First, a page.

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  • Buy-to-Let

    Where have all the tenants gone?



    I have had a couple of properties available to rent and have therefore been monitoring the market locally - what’s on the market and how quickly they are letting.

    It appears currently, in south Essex, there are very few prospective tenants looking for property, this is also confirmed by local letting agents.

    There also appears to be a shortage of buyers for properties that are going up for sale with estate agents reducing valuations by 10% - 15%.

    What are others finding?

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    I believe we are in a kind of property limbo due to uncertainty surrounding Brexit.

    Most people will stall on making a decision about moving, selling, buying, or renting until things become clearer in March next year.

    It is very bad for the economy that there is so much confusion and uncertainty imho.

    Additional to that, we are in the summer holidays and most people have their mind on spending time with kids, enjoying their break etc. so are not interested in the upheaval of moving.

    All our properties are currently let, so I have no direct experience myself of what tenant demand is in my areas, so can only comment generally.

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    Where have all the tenants gone?

    long lease or AST?

    Where have all the tenants gone?

    freehold preferred

    Where have all the tenants gone?

    HA housed them every one

    When will they ever earn

    enough to buy their own?


    With apologies to the song writer(s)!!

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    This is interesting insight! We have found that our numbers of flatmate searchers are growing steadily at https://www.idealflatmate.co.uk, but we too have seen a slight slow down in recent months. Perhaps it is seasonal, with people on holiday?  Or is Brexit having an impact?

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    I wonder if people are responding to room ads or sharing with friends more than renting their own property.

    The rent a room allowance has probably resulted in more rooms being available and the option discussed more.


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    Perhaps this is also a response to lower wages, particularly in the public sector. When I started in the universities in the mid-1980s, any teacher, even a junior researcher, could afford to buy a 1-bed flat near to Central London or a 2-bed 15-20 minutes commute away.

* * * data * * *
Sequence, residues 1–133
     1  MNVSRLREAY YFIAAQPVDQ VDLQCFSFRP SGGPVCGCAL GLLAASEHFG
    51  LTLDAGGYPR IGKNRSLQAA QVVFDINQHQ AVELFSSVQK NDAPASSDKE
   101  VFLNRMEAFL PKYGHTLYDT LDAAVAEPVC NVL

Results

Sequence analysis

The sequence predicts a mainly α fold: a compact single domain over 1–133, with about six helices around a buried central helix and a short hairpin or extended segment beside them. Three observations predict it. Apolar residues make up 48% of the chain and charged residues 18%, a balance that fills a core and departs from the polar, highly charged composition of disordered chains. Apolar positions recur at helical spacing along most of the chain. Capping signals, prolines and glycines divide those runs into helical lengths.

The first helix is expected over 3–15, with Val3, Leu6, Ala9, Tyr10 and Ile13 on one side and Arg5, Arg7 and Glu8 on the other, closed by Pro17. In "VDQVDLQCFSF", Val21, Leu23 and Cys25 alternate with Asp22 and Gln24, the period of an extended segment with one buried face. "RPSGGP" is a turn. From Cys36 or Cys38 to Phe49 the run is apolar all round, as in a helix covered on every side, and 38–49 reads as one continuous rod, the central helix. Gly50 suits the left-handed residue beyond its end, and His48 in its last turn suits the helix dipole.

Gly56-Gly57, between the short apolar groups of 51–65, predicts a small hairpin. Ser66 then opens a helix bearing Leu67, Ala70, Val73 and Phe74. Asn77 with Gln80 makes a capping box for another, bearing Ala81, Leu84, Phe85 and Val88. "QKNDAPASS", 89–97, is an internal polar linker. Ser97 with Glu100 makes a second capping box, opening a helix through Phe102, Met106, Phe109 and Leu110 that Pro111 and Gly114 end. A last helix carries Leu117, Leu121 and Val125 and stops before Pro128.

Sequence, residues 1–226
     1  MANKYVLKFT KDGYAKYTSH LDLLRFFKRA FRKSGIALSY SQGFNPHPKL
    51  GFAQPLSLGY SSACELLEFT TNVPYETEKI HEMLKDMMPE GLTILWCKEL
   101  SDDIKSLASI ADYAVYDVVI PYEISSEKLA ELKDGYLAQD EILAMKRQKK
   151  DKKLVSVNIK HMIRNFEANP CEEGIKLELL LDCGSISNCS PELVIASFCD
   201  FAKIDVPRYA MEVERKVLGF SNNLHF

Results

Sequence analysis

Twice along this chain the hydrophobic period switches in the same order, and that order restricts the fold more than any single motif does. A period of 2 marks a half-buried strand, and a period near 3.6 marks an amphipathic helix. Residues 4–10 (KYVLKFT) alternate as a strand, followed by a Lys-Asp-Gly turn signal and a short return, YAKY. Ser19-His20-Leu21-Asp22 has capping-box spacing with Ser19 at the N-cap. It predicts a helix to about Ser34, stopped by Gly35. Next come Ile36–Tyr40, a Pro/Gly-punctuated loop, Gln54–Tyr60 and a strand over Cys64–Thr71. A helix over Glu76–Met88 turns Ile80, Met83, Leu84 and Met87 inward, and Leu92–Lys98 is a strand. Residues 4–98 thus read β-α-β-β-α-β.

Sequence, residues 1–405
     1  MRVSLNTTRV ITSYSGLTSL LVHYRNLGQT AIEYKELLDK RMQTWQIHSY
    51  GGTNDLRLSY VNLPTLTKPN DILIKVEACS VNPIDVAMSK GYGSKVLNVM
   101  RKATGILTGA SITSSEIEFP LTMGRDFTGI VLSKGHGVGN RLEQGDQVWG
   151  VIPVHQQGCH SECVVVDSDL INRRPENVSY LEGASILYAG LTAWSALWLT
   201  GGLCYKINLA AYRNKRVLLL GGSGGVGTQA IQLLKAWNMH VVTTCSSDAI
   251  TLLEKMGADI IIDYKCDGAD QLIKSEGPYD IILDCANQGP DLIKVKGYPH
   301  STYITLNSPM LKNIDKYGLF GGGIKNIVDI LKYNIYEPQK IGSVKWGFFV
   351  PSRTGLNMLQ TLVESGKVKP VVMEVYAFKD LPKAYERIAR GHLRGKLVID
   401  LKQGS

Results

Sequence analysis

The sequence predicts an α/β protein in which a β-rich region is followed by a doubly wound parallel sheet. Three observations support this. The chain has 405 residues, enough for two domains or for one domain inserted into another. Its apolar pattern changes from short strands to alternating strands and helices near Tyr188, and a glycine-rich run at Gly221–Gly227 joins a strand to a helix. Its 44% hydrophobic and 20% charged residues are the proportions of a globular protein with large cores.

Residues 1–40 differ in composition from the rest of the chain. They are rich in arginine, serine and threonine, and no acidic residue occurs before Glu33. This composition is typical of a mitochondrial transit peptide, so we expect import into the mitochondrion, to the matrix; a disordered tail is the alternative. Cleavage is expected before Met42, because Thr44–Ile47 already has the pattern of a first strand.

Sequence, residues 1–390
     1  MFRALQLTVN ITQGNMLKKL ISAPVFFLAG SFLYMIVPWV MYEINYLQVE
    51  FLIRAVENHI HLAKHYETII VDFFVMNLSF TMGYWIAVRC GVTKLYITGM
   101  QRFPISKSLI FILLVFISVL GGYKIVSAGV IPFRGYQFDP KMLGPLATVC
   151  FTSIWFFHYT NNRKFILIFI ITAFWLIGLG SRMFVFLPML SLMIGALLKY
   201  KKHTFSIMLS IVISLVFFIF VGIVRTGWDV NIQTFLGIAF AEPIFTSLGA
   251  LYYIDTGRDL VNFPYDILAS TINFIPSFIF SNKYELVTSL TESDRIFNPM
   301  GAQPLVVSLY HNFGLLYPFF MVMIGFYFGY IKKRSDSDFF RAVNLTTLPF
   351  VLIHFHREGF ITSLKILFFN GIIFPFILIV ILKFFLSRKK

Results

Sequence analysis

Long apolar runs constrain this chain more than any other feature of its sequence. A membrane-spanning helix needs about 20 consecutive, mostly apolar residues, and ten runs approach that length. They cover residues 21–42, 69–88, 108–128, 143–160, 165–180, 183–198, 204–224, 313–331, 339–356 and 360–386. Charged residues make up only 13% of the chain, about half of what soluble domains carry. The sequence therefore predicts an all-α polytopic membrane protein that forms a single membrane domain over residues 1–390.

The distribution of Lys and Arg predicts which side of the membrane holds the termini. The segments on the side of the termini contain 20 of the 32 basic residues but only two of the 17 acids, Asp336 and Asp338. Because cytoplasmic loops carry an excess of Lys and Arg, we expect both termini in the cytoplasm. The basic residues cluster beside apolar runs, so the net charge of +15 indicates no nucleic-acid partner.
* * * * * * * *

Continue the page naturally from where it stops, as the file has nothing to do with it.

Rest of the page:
As public sector wages have not kept up with inflation, the choice now is a long commute (colleagues travel up to 2 hours each way every day) or a room in a shared house! I stopped renting my 1-bed flats in Zones 2 and 3 to teachers 5 years ago. They have great credit ratings but salary isn't enough to cover rent. It's a shame because they were excellent tenants.

    I recently heard of a Deputy head teacher in Croydon area who can only afford to buy on shared ownership!!

    When I was at school a Deputy Head would have had a large 4-bed house on the best road in an expensive area

    The latest pay award of 2% won't go far. And that is if it is paid. My university unions have rejected the pay award and are calling for strike action.....there goes that tiny 2% off into the sunset....

    Maybe rooms are the future....

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    Nominal wage growth has halved in each decade since the 1970s peak - hence 40 plus years of falling real wages across all sectors - and thus flatshares etc are indeed the likely default for many even in professional jobs

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    hi Landy_Lordy

    This trend, if it is a trend, makes me glad that I stayed with 1-bed flats and smaller 2-bed houses. I agree that it is wages and salaries that ultimately drives rent levels. If you don't make the money at work you can't pay the rent!

    best wishes

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    The Annual Survey of Hours and Earnings publication criteria ensures that all estimates are undisclosive. A number of estimates have been removed from the published tables for these reasons.

    Average gross weekly earnings for full time employees on adult rates whose pay for pay period was not affected by absence
    £

    Average gross weekly earnings at current pricesAverage gross weekly earnings at today's(25) prices
    197441.7287.9
    197554.0306.4
    197664.2306.4
    197770.2285.2
    197879.1297.8
    197989.6306.4
    1980110.2309.6
    1981124.9313.1
    1982136.5312.8
    1983(26)148.3326.7
    1983147.4324.8
    1984159.3333.7
    1985171.0335.0
    1986184.7351.2
    1987198.9362.8
    1988218.4383.3
    1989239.7389.4
    1990263.1390.5
    1991284.7397.2
    1992304.6407.5
    1993316.9418.6
    1994325.7419.4
    1995336.3419.1
    1996351.5427.7
    1997367.6436.7
    1998(27)384.5439.1
    1998392.5448.3
    1999407.8458.4
    2000425.1464.1
    2001449.7482.4
    2002472.1499.0
    2003487.1499.2
    2004(28)504.9504.9
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    In wider picture today - across all 10 million rentals (SRS/PRS) we have 4.7 million HB/LHA claimants

    Some 30% of PRS tenants claim HB (1.5 million claimants)

    Latter may change when UC is fully rolled out as per concurrent PT discussions.

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    Thanks for posting your statistics LandLordy

    I suspect there will be an increase in HB/UC tenants, especially those over 60 years old. HB tenants age 60+ is a market I am considering.

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